Journal of Participatory Medicine
The patient-centered medical home model intends to improve patient experience and primary care quality. Within an urban safety net setting in Northern California, United States, these desired outcomes are complicated by both the diversity of the patient community and the care continuity implications of a residency program.
The objective of our study was to understand the patient experience beyond standardized satisfaction measures.
We conducted a qualitative study, interviewing 19 patients from the clinic (English-, Spanish-, or Mien-speaking patients).
Some themes, such as the desire to feel confident in their doctor, emerged across language groups, pointing to institutional challenges. Other themes, such as distrust in care being provided, were tied distinctly to speaking a language different from one’s provider. Still other themes, such as a sense of powerlessness, were related to cultural differences and to speaking a language (Mien) not spoken by staff.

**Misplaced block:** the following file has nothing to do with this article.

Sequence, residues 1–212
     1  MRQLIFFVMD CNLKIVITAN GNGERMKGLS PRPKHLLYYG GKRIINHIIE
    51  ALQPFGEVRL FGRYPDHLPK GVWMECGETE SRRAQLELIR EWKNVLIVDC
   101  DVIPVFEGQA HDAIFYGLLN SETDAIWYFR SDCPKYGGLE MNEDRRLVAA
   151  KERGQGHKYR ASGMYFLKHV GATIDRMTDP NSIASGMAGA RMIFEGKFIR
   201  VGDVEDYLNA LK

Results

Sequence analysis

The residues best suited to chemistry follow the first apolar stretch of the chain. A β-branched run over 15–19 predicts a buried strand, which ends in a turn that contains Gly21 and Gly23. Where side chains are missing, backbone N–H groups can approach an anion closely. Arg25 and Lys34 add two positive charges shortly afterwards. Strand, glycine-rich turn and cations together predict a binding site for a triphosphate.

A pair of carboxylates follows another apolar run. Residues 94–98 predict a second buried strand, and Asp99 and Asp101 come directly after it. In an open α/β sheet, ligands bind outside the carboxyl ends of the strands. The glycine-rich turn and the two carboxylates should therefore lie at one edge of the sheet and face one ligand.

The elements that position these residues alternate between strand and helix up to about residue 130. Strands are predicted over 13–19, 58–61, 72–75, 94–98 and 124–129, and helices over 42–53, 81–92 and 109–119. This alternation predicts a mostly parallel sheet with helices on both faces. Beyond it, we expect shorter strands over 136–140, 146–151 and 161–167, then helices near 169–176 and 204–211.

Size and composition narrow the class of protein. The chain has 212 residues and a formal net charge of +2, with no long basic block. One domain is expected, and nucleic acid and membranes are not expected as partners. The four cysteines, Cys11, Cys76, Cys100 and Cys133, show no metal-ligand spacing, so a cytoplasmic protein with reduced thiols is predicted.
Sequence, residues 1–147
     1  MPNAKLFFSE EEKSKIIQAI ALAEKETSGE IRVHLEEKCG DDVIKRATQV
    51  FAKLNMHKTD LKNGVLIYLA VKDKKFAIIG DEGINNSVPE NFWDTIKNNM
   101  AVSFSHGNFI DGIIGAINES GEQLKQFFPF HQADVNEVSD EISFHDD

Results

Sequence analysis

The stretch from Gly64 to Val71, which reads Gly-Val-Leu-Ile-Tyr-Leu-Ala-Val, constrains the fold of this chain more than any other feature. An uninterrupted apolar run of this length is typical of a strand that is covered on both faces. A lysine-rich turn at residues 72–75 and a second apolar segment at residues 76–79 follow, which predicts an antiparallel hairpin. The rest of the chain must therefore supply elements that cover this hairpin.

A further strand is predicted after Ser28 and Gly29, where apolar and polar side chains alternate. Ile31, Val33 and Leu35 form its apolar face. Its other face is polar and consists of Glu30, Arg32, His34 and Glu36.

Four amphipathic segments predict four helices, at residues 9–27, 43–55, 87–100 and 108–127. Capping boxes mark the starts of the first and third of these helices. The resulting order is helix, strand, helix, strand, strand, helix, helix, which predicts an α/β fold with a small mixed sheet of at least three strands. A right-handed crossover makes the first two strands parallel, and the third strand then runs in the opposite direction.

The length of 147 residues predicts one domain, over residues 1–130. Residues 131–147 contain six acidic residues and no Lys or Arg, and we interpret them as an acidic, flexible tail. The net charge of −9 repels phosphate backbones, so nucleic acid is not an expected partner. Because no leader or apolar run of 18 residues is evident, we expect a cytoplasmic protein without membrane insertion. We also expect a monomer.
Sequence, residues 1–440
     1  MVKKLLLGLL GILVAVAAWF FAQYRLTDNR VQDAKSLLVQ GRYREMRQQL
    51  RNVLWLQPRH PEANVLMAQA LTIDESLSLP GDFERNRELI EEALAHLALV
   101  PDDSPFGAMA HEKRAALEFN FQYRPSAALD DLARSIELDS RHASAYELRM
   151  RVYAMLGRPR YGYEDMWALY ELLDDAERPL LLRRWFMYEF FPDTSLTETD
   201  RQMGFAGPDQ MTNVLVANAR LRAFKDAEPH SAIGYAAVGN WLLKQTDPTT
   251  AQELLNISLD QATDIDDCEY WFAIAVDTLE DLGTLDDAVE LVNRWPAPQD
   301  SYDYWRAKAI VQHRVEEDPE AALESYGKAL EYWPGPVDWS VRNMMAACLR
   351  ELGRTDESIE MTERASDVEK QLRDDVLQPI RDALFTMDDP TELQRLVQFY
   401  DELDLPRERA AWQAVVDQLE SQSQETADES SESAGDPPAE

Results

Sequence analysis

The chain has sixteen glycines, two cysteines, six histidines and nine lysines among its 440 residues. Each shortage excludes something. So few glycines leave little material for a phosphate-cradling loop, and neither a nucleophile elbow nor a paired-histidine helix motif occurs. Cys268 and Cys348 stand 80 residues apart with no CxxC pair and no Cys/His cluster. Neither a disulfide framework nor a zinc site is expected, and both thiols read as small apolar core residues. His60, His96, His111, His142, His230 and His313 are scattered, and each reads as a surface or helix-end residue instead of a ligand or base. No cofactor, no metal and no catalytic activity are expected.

Findings illuminate the need to understand cultural behaviors and interactional styles in a diverse patient population to create a high-quality medical home.
safety-net providers, urban health services, primary health care, patient-centered care, qualitative research, quality of health care, communication barriers
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Rachel L. Berkowitz, Nimeka Phillip, Lyn Berry, and Irene H. Yen. "Patient Experiences in a Linguistically Diverse Safety Net Primary Care Setting: Qualitative Study" Journal of Participatory Medicine (2018). https://doi.org/10.2196/jopm.9229